10) Dag Rosenquist & Rutger Zuydervelt (Jasper TX & Machinefabriek) ~ Vintermusik (Self-Released, 2007)
Winter’s ephemeral nature is captured here through glitches, reverb and drone – a mysterious mirror that reflects different scenes depending on the beholder’s stance. The music keeps changing, shifting under the feet like cold currents. Vintermusik is the frost that etches the glass, the breath that catches in the throat. Long out of print, the set has recently been re-released, along with bonus material.
9) Jaxson Payne ~ Hopen (Self-Released, 2008)
Only 4 people live on the tiny island of Hopen, nine miles from the Norwegian north. We can imagine their isolation, their taciturn, rugged faces. And so, when we hear snatches of sleigh bells and distant choirs borne on the wind, we begin to wonder, have they gone stir crazy? Have they been saved by their own imaginations? Or is there really someone out there?
8) Elegi ~ Varde (Miasmah, 2009)
Varde starts with the discovery of Captain Scott’s long-dead, frozen body in the Antarctic, and it just doesn’t get any brighter. This is the sound of nobility drowned in failure, the sound of one’s dreams crunching beneath one’s feet. It’s the darkest album on our list, the antithesis of seasonal cheer.
7) Richard Strauss ~ Eine Alpensinfonie (Numerous renditions; 1915)
Strauss’ Alpine Symphony exposes the difficulty of making lists, as one would have a good argument for placing this master work higher up the list. If we were judging solely on musical merit, we would place this album at #2; but other factors are at work as well, the main factor being that while the work was composed as a reflection of a man’s solo journey into the Alps, one might not know this as a winter work without reading the liner notes. So we split the difference, because it’s quite fantastic and we just had to include it. The 1993 Berlin Philharmonic version is considered one of the finest, but a brand new rendition from the Bavarian Radio Symphony Orchestra is not far behind.
6) Sébastien Roux ~ Pillow (Apestaartje, 2007)
After a winter storm, the streets are still; one can hear ice crackling on power lines, wisps of snow dancing in sudden breezes. This Parisian album is a quiet symphony of clicks and drones, conjuring images of scarf-draped children gazing through frosty panes, and leather-tongued skates waiting to be laced. Pillow is gossamer and sedate, a cold weather classic. Apestaartje folded a few years back, but the digital album is available at Boomkat.
5) aMute ~ A Hundred Day Trees (intr.version, 2004)
Here are some of the words others have used to describe Jérôme Deuson’s defining work: frosty, brittle, snowy, cold. In this case, the sonics are a perfect match for the cover art. While guitar is the dominant instrument, the electronics – static, reverb, and bells – define the landscape. The Cure-referencing “Let’s Go Swirling” provides the album’s most accessible moment.
4) BJ Nilsen ~ Fade to White (Touch, 2004)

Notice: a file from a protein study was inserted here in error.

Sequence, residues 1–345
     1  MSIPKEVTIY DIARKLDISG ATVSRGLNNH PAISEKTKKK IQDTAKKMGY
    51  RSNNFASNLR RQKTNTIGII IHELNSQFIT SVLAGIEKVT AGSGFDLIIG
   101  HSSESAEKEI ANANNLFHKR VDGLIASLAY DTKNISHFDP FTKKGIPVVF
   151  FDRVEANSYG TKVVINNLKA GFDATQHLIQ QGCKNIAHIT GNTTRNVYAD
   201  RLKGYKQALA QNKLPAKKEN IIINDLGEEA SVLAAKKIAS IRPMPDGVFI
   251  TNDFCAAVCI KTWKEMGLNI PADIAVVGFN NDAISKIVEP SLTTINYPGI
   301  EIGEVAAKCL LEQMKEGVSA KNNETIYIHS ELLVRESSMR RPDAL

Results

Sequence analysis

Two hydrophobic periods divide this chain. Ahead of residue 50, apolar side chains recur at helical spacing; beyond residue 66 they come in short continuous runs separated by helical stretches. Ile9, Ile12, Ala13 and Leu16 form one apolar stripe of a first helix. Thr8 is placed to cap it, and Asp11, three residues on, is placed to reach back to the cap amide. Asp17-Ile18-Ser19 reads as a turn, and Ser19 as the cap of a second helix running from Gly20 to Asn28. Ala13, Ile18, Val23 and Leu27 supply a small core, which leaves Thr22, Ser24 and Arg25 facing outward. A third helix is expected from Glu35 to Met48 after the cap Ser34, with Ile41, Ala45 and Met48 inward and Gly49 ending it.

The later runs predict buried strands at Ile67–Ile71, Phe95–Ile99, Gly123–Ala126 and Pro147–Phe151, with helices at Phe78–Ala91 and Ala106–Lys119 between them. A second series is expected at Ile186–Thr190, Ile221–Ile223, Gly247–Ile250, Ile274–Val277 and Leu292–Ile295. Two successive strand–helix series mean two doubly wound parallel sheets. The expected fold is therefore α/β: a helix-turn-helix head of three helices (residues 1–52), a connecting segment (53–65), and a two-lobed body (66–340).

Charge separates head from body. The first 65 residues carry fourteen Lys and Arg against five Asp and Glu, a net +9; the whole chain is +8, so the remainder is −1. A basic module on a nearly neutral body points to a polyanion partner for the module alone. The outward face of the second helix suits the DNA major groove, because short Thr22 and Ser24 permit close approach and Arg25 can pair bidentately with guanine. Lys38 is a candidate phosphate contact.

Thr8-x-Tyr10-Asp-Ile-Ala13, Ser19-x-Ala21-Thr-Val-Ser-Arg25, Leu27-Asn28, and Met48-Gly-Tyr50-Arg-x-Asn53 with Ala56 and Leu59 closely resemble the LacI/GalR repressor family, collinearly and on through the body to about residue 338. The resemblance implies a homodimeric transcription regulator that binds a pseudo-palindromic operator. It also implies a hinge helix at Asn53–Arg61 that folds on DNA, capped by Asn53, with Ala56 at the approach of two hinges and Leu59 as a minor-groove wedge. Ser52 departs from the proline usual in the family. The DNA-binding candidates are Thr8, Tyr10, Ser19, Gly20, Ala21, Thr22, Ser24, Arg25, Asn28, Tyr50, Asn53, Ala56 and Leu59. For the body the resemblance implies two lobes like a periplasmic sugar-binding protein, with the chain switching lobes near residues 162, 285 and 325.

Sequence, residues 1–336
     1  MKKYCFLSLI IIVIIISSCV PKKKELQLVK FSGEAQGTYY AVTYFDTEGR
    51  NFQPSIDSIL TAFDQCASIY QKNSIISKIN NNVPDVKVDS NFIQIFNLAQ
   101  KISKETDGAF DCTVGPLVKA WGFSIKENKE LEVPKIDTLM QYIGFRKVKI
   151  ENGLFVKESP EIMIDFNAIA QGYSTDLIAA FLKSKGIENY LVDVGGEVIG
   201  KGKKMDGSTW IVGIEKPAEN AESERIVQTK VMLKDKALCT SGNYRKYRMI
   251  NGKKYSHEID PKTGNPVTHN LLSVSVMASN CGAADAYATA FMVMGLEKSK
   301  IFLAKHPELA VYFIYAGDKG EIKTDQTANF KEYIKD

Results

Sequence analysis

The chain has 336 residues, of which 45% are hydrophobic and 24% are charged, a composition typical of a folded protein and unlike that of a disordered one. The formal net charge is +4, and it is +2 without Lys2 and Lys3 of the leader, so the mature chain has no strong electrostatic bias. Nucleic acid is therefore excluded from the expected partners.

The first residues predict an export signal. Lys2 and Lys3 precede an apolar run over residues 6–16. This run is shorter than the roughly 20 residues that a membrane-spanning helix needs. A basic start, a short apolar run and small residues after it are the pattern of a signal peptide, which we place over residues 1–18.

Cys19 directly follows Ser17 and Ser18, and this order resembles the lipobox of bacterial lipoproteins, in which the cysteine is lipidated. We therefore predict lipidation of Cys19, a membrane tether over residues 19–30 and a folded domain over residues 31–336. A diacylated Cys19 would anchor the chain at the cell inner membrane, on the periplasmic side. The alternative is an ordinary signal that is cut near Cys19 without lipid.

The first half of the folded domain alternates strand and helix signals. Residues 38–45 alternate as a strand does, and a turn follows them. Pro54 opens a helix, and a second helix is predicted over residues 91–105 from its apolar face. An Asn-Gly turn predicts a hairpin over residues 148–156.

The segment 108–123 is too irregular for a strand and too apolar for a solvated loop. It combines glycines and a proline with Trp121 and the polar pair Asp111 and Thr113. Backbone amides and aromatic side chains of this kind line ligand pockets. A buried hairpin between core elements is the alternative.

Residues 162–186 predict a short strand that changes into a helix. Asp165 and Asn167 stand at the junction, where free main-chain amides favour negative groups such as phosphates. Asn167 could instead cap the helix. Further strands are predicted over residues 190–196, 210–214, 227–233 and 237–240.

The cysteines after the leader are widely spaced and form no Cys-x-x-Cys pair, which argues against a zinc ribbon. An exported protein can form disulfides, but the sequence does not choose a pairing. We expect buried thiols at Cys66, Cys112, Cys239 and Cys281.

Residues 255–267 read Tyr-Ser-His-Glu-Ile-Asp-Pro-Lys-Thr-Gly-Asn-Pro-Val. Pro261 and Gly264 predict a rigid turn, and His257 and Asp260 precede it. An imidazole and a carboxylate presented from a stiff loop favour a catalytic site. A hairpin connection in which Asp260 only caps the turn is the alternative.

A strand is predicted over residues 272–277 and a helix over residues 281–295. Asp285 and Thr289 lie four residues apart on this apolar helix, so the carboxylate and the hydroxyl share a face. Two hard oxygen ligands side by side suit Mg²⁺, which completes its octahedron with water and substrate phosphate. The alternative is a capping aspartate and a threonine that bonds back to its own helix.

The beauty of this set is its unrelenting momentum. It starts with sampled snowflakes but soon picks up speed like a snowball in an avalanche, as unstoppable as a massive winter storm. By the end of “Nine ways till Sunday”, the sonics are so thick that they are nearly solid, and a nigh-unspeakable silence follows in their wake.
3) Nils Frahm ~ Wintermusik (Sonic Pieces, 2009)
Like Sufjan Stevens’ Christmas EPs, this 3-track release was initially intended only for family and friends. Thankfully it saw the light of day – and established Frahm’s career. These pieces for piano, celeste and reed organ perfectly capture the season’s mingled melancholy and expectation. A huge debt is owed to Debussy, as one hears pleasant echoes of “The Snowflakes are Dancing” throughout the work.
2) Plinth ~ Wintersongs (Rusted Rail, initially self-released 1999)
Music boxes, creaking doors, traveling choirs: this release, first issued on tape, brings the season to life through its creative arrangement of sounds. Ranging from the folk to the ambient, Wintersongs offers comfort and cheer, while the trumpet and clarinet add winter warmth. As more time has passed, our appreciation for this collection has only increased. It’s now in its fourth pressing, and continues to win hearts and minds every time winter rolls around.
1) Ralph Vaughan Williams ~ Symphony No. 7 (Sinfonia Antartica) ~ 1952
There are many versions of this symphony, which originated as the soundtrack to Scott of the Antartic (1949). Two of the best come from the London Symphony (directed by André Previn) and the London Philharmonic (directed by Bernard Haitnik). Without this composition, perhaps none of the others on this list would have existed. It’s got the spoken word, the wind machine, the orchestral drama, and of course, the dark subject: this is man against nature, and man loses – terribly. The brass theme, most potent in the nearly-overpowering third movement, is one of the finest ever composed. The fact that Vaughan Williams completed this symphony at age 80 is even more astounding. In an age in which careers are measured in months or years, this achievement comes as a valuable reminder of our often untapped potential. Great music is not just for the young or from the young, and the oldest person on our list is the author of winter’s best album.